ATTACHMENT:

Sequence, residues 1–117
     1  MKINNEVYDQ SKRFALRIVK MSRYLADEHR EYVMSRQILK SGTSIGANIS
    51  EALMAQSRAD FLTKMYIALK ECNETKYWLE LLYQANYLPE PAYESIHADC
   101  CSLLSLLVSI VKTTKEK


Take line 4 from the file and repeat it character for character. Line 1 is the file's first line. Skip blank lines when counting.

   101  CSLLSLLVSI VKTTKEK